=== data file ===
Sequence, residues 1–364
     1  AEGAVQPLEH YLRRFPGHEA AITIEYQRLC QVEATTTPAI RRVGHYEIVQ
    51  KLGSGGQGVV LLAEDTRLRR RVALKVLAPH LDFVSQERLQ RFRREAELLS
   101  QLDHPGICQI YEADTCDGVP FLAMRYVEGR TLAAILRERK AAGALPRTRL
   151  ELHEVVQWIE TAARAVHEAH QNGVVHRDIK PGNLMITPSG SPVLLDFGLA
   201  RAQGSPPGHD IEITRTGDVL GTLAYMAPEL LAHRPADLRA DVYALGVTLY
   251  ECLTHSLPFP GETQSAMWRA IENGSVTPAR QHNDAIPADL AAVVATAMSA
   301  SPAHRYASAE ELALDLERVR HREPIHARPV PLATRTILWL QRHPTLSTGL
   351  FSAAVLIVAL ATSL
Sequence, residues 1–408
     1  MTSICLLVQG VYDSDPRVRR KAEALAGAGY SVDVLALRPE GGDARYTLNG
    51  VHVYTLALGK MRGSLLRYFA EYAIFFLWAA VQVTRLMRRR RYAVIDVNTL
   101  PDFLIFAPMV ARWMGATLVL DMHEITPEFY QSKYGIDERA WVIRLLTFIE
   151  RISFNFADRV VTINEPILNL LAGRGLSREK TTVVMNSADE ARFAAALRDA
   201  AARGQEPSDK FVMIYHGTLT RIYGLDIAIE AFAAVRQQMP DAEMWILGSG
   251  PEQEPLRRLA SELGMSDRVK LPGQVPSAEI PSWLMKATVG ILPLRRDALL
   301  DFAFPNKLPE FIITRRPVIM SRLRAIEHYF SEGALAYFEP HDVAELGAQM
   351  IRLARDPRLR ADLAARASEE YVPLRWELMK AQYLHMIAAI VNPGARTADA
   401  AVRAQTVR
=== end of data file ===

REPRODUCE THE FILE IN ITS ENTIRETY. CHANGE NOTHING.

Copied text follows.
Sequence, residues 1–364
     1  AEGAVQPLEH YLRRFPGHEA AITIEYQRLC QVEATTTPAI RRVGHYEIVQ
    51  KLGSGGQGVV LLAEDTRLRR RVALKVLAPH LDFVSQERLQ RFRREAELLS
   101  QLDHPGICQI YEADTCDGVP FLAMRYVEGR TLAAILRERK AAGALPRTRL
   151  ELHEVVQWIE TAARAVHEAH QNGVVHRDIK PGNLMITPSG SPVLLDFGLA
   201  RAQGSPPGHD IEITRTGDVL GTLAYMAPEL LAHRPADLRA DVYALGVTLY
   251  ECLTHSLPFP GETQSAMWRA IENGSVTPAR QHNDAIPADL AAVVATAMSA
   301  SPAHRYASAE ELALDLERVR HREPIHARPV PLATRTILWL QRHPTLSTGL
   351  FSAAVLIVAL ATSL
Sequence, residues 1–408
     1  MTSICLLVQG VYDSDPRVRR KAEALAGAGY SVDVLALRPE GGDARYTLNG
    51  VHVYTLALGK MRGSLLRYFA EYAIFFLWAA VQVTRLMRRR RYAVIDVNTL
   101  PDFLIFAPMV ARWMGATLVL DMHEITPEFY QSKYGIDERA WVIRLLTFIE
   151  RISFNFADRV VTINEPILNL LAGRGLSREK TTVVMNSADE ARFAAALRDA
   201  AARGQEPSDK FVMIYHGTLT RIYGLDIAIE AFAAVRQQMP DAEMWILGSG
   251  PEQEPLRRLA SELGMSDRVK LPGQVPSAEI PSWLMKATVG ILPLRRDALL
   301  DFAFPNKLPE FIITRRPVIM SRLRAIEHYF SEGALAYFEP HDVAELGAQM
   351  IRLARDPRLR ADLAARASEE YVPLRWELMK AQYLHMIAAI VNPGARTADA
   401  AVRAQTVR